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If Messianic Judaism was strictly Jewish at first how did Gentiles come into the faith?

It was always God’s will for the Gentile nations to also receive His Salvation (Isaiah 49:6, 42:6). God told Abraham, that through him all the nations of the earth would be blessed (Genesis 12:1-3). At first, the early Messianic Jews did not understand that this was God’s will and proclaimed the Good News of the Messiah only to Jewish People.

Ironically, the big controversy in the first century was not if it was Jewish to believe in Yeshua (naturally it was) but whether Gentiles could come in without having to “become Jewish!” When Messianic Jews finally recognized the God’s Salvation was also for the Gentiles, they began to share the Messiah with non-Jews as well as with Jews. As a result, many Gentiles throughout the Roman Empire began to come into this Messianic faith (Acts 15:1-31)

When the early Messianic Jews took the Good News of the Messiah to the Gentiles, a great number were brought into the Messianic faith. By the end of the first century A.D., the number of Gentile believers outnumbered the Jewish believers by a ratio of two to one! This occurred primarily because there were (and still are) more Gentiles in the world than Jewish people.

Through the years, as the number of Gentile believers increased, they began to dominate this Messianic faith. Some Gentile believers, not understanding the Jewish roots of their faith and God’s eternal covenant with Israel, wanted to split off and form a separate religion divorced from their Jewish roots (Romans 11:1-2). This “de-Judaizing process” continued until Gentile Christianity emerged as the dominant representative faith in the Messiah. In one of the greatest paradoxes in history, it became alien for a Jew to believe in Yeshua as his Messiah!

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When did the early Messianic Jews disappear and why?

Surprisingly, Messianic Judaism continued to flourish well into the seventh century A.D., in spite of the many pressures on the Jews to give up their Messianic faith.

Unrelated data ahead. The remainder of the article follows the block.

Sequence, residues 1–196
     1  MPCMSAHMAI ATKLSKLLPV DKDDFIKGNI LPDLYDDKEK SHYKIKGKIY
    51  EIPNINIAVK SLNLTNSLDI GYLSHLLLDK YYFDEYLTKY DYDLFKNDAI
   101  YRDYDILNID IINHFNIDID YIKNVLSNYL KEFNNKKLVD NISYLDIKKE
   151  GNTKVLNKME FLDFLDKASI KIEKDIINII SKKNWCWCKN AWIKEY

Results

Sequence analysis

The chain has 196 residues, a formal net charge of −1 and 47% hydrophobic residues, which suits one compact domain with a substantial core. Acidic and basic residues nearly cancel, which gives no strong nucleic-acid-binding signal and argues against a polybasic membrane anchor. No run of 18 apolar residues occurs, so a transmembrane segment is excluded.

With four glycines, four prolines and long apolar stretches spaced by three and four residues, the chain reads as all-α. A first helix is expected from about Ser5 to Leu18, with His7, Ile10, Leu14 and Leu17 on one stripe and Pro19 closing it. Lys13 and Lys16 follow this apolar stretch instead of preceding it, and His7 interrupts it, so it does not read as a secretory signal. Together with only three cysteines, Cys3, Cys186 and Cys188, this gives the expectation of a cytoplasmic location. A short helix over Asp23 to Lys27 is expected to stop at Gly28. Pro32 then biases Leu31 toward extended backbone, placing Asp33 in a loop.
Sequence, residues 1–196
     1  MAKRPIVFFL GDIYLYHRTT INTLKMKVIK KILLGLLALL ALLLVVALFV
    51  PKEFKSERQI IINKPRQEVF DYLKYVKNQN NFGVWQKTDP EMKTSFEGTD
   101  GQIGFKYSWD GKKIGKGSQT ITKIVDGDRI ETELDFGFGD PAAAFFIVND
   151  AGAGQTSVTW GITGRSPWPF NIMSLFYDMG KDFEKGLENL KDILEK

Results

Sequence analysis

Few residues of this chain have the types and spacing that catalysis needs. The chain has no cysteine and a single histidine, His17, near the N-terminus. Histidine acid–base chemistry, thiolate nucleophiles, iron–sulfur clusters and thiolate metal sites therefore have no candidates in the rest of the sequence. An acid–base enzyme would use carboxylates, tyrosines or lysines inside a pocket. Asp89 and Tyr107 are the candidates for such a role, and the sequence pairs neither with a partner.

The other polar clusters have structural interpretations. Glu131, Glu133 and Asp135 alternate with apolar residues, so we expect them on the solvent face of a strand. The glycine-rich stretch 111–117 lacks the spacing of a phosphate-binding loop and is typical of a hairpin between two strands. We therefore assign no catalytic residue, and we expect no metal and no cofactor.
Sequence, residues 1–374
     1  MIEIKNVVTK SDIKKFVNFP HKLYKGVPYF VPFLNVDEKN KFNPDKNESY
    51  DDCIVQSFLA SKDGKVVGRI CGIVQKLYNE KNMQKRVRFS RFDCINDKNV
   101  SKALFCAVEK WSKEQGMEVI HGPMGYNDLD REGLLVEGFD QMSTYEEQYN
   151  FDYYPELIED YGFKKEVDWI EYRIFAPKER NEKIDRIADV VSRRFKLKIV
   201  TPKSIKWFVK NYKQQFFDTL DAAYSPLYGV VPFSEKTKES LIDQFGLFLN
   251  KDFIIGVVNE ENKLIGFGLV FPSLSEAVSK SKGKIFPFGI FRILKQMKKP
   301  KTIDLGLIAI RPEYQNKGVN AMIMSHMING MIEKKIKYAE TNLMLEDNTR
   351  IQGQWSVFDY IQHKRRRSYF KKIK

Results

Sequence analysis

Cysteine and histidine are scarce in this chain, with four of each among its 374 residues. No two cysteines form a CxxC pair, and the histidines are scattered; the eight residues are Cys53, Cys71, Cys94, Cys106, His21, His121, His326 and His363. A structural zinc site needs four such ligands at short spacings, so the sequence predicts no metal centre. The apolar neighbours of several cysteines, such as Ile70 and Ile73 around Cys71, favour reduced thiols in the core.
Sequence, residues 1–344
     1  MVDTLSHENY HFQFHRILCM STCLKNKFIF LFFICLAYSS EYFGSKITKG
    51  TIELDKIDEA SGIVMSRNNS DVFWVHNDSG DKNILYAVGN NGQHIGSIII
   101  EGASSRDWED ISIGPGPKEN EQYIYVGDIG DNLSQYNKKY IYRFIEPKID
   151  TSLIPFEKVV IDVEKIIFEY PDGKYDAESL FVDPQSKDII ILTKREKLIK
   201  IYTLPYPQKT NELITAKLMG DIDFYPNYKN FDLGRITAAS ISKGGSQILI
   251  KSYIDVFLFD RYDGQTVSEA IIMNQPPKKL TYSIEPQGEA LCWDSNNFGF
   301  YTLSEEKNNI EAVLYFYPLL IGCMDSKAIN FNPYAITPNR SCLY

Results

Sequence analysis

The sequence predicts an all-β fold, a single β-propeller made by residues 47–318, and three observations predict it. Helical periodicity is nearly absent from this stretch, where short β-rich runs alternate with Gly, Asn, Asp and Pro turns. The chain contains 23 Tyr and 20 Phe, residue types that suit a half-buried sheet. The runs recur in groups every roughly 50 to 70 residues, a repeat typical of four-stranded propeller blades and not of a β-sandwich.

First of all, the Rabbis pressured Messianic Jews to relinquish their faith in Yeshua as the Messiah. In addition, Gentile Christianity wanted Messianic Jews to abandon their Jewishness. Finally, in the seventh century A.D. the rise of Islam caused great pressure for Messianic Jews as well.

Despite all this, the real reason for the disappearance of early Messianic Judaism was simply that Messianic Jews lost their “vision.” They no longer saw that it was important to remain Jewish after accepting Yeshua. This was because the majority of believers in Yeshua were now members of Gentile Christianity. Consequently, Messianic Jews assimilated completely into the Gentile Christian Church.

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When did the modern movement of Messianic Judaism begin?

Even though Messianic Judaism, as a distinct movement, faded from the ancient scene in the seventh century A.D., there have always been Jewish believers in the Messiah Yeshua. However, beginning in the early 1800’s, ever-increasing numbers of Jewish people began to believe in Yeshua as the Messiah. The modern movement came to fruition after 1967, when tens of thousands of Jewish people suddenly accepted Yeshua.

Why 1967? Because that is when Jerusalem came back into Jewish hands in fulfillment of a prophecy given by Yeshua in the Brit Hadashah (Luke 21:24). This prophecy indicated that when Jerusalem was restored to the Jewish people God would turn once again to His Jewish people in national salvation. Messianic Judaism is a prophetic movement and a direct result of the outpouring of God’s Holy Spirit upon His Chosen People (Hosea 3:4-5, Joel 2:28-29, Deuteronomy 30:1-10).

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Chapter Three

How many Jewish believers in Yeshua are there in the United States?

While there are no concrete figures, it has be estimated by many of those involved in the movement (and even by those outside the movement), that there are at least 100,000 Jewish believers in the Messiah Yeshua in the United States alone, and this number is growing all the time. [2]

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Is the movement of Messianic Judaism just in America?

Today the movement of Messianic Judaism is in many other countries throughout the world including Israel, England, France, Scotland, Australia, New Zealand, South Africa, Puerto Rico, Mexico, Brazil, Argentina, Canada and other countries. This is truly an international movement! We believe that Messianic Judaism will eventually spring up wherever there are communities of Jewish people throughout the world.

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Why do we use the name “Yeshua” rather than “Jesus?”

Because Yeshua is His given Hebrew name! “Jesus” is the Hellenized-Anglicized form of “Yeshua”, which means “Salvation.” Yeshua never heard the name “Jesus” in His lifetime. He was always called “Yeshua,” which is very similar to “Joshua,” a common Hebrew name at that time. Good examples of this name, in reference to the Messiah, are in Isaiah 62:11 in the Old Covenant and also in Matthew 1:21 in the New Covenant.

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What does “Christ” Mean

Some believe that “Christ” is Yeshua’s second name or surname in the same way that we have a second or family name. Actually, “Christ” is a title in much the same way as “President” or “King.” This title is taken from the Hebrew word “Mashiach” or “Anointed One,” which was translated into the Greek “Christos” and later Anglicized to “Christ.”